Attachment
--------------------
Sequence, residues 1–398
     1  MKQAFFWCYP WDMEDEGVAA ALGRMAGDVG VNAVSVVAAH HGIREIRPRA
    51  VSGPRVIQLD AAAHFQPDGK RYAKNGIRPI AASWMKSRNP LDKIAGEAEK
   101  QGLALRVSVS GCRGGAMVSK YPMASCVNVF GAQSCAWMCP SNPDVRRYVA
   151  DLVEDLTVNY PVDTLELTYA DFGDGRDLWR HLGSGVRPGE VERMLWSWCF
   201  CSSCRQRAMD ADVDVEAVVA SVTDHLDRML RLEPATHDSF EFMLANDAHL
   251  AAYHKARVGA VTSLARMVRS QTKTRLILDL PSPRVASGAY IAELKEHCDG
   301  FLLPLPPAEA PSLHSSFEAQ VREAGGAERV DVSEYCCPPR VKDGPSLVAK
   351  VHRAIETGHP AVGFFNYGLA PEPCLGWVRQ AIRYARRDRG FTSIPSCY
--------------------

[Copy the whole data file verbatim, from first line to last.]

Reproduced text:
Sequence, residues 1–398
     1  MKQAFFWCYP WDMEDEGVAA ALGRMAGDVG VNAVSVVAAH HGIREIRPRA
    51  VSGPRVIQLD AAAHFQPDGK RYAKNGIRPI AASWMKSRNP LDKIAGEAEK
   101  QGLALRVSVS GCRGGAMVSK YPMASCVNVF GAQSCAWMCP SNPDVRRYVA
   151  DLVEDLTVNY PVDTLELTYA DFGDGRDLWR HLGSGVRPGE VERMLWSWCF
   201  CSSCRQRAMD ADVDVEAVVA SVTDHLDRML RLEPATHDSF EFMLANDAHL
   251  AAYHKARVGA VTSLARMVRS QTKTRLILDL PSPRVASGAY IAELKEHCDG
   301  FLLPLPPAEA PSLHSSFEAQ VREAGGAERV DVSEYCCPPR VKDGPSLVAK
   351  VHRAIETGHP AVGFFNYGLA PEPCLGWVRQ AIRYARRDRG FTSIPSCY